Andy's insights

Opinions, thoughts, archivements

Sun, 30 Apr 2006

Memory Allocation

Ever wondered how memory allocation works? How to get informations and more. While searching on web for function to get the current memory size from within a process I’ve found this good article: Advanced Memory Allocation

And there is a really good article in c’t 9/2006 s. 186 about heap overflows.

posted at: 00:10 | path: /development | permanent link to this entry

Wed, 12 Apr 2006

D-Link harms NTP

Fine, D-Link managed to hardcode Stratum 1 NTP Server into their firmware. This stupidity leads to massive problems on those servers and immense costs for their carrier.

Read this open letter for full informations: http://people.freebsd.org/~phk/dlink/

posted at: 23:07 | path: /net | permanent link to this entry

LS colors

If you ever typed ls into your black console, you may found it annoying that the directories where in dark blue color. This is hardly readable.

Here a short receipt how to change that:

  1. save current settings into a file: cd; dircolor -p > .colorsrc
  2. Edit your settings and change the line starting with '’'DIR’’’ DIR 01;34 into something more readable DIR 01;37;01
  3. add the following line to your ~/.bashrc if not alreay present: eval 'dircolor -b $HOME/.colorsrc'
  4. Log in or source your .bashrc and check the output of ls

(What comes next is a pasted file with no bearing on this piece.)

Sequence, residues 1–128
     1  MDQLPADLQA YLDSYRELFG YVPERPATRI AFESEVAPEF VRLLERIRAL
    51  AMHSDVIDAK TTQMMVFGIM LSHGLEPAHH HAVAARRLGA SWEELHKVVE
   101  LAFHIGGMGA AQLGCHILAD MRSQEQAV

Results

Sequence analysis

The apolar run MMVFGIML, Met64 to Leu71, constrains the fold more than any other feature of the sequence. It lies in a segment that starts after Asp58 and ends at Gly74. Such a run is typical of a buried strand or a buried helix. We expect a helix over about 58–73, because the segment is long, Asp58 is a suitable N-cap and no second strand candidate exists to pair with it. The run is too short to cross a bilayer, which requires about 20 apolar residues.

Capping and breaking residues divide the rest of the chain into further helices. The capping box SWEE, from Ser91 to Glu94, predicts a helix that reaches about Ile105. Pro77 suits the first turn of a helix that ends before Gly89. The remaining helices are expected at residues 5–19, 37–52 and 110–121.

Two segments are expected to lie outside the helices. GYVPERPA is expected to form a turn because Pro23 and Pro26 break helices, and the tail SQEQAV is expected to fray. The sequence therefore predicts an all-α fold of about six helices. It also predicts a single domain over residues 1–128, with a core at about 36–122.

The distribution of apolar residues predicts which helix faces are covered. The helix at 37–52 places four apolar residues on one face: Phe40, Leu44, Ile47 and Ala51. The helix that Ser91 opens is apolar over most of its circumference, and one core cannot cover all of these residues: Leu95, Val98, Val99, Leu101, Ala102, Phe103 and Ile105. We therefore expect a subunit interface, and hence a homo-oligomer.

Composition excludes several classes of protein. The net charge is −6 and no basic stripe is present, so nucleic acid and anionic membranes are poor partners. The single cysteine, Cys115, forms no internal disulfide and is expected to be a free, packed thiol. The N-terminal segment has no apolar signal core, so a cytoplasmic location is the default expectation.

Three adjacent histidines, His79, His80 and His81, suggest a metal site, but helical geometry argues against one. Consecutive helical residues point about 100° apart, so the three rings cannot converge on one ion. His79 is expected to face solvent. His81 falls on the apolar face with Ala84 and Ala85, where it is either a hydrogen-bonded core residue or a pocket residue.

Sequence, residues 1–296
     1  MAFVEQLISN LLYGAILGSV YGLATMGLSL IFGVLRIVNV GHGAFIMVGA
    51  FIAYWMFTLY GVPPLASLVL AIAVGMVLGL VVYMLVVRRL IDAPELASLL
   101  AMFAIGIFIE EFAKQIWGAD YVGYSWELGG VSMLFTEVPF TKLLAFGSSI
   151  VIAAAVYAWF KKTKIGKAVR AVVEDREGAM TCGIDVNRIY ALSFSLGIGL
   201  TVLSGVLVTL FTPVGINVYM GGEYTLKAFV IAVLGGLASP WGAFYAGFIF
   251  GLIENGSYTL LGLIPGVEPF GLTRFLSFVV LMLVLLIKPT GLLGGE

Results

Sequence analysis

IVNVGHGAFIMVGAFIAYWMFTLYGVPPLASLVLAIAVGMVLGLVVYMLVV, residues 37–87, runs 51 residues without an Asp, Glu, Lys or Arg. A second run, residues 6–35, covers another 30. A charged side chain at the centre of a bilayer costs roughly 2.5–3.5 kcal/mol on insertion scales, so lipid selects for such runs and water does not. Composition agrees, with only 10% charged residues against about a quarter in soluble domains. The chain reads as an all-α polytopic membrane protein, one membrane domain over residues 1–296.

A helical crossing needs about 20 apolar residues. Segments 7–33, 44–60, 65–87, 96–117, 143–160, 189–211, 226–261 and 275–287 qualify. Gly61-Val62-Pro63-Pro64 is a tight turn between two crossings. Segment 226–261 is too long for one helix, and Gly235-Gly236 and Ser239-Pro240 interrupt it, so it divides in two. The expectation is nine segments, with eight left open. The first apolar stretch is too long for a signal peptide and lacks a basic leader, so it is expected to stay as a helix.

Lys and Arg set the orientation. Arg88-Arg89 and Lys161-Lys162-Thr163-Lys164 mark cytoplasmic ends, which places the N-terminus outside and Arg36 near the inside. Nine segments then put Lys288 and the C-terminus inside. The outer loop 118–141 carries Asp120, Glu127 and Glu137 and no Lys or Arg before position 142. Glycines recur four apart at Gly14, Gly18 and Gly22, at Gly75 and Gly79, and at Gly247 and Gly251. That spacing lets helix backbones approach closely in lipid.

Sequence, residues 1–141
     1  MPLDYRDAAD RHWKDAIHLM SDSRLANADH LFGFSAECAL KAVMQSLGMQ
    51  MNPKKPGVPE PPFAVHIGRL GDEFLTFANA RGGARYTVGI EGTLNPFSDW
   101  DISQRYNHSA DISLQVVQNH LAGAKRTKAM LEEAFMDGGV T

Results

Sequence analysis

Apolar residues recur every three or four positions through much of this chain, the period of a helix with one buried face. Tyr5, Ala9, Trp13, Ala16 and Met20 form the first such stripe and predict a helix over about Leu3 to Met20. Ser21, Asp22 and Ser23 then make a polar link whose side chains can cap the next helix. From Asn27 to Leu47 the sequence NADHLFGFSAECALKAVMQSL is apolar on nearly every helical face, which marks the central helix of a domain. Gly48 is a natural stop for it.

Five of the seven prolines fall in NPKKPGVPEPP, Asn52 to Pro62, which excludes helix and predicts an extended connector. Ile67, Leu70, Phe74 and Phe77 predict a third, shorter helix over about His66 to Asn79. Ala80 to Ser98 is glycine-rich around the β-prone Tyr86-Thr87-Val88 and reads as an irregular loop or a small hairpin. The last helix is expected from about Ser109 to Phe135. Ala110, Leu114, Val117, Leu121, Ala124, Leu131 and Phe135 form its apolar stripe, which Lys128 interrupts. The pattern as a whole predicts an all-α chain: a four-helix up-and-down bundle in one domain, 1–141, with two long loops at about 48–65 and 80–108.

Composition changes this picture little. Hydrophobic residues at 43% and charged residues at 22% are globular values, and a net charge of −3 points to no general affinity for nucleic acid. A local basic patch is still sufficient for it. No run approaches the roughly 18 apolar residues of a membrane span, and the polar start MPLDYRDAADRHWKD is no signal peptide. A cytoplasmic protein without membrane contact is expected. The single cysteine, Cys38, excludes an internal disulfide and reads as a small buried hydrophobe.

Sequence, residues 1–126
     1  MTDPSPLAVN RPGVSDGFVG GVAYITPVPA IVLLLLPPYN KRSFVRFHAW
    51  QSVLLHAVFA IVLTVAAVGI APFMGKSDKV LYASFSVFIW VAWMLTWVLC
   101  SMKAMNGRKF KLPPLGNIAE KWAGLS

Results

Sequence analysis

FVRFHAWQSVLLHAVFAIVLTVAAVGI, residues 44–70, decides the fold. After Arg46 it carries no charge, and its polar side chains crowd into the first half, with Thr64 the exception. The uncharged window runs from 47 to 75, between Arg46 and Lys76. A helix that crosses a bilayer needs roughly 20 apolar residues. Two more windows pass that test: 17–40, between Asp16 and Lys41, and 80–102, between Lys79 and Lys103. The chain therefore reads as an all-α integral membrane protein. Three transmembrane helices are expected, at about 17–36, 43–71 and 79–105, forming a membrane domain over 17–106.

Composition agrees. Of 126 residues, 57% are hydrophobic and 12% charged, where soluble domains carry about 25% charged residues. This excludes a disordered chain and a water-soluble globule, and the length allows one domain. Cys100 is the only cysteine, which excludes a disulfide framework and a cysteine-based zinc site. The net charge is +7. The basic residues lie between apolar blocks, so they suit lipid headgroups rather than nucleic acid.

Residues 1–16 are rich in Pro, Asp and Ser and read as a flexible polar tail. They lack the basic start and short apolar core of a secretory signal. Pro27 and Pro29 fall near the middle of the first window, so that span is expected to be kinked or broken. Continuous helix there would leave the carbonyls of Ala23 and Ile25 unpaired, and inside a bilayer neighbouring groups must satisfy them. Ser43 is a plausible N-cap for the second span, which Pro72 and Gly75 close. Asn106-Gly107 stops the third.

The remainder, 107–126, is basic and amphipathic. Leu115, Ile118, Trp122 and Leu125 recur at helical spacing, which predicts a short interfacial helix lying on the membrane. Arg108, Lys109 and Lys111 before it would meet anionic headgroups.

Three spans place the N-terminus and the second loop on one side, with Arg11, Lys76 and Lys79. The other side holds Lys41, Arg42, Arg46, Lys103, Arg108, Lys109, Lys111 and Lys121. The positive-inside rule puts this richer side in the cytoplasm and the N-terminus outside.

posted at: 16:19 | path: /unix | permanent link to this entry

Singleton and Borg Design Pattern

The Singleton Design Pattern is quite popular.

As usual Python provides an easy and even better solution for most situations the Singleton seems appropriate. But first look at our options:

The classic Singleton pattern implemented in Python looks like this:

class Singleton(object):
    def __new__(cls, *p, **k):
        if not '_the_instance' in cls.__dict__:
            cls._the_instance = object.__new__(cls)
        return cls._the_instance

The Borg Design Pattern Borg Design Pattern shares just one state. I’ve found it at ASPN (Alex Martelli).

The main idea is to just share the state by replacing the default instance dictionary with a shared one:

class Borg(object):
    _state = {}
    def __new__(cls, *p, **k):
        self = object.__new__(cls, *p, **k)
        self.__dict__ = cls._state
        return self

The best solution I found is to just use the Python mechanics: A Module is a singleton, why not just use it?

class _SingleInstance(object):
    def __init__(self):
        self.foo = 23
SingleInstance = _SingleInstance
del _SingleInstance

A good discussion about those pattern (and some others) can be found here: http://www.aleax.it/Python/5ep.html

The Borg design pattern can be found at ASPN: http://aspn.activestate.com/ASPN/Cookbook/Python/Recipe/66531

posted at: 13:05 | path: /python | permanent link to this entry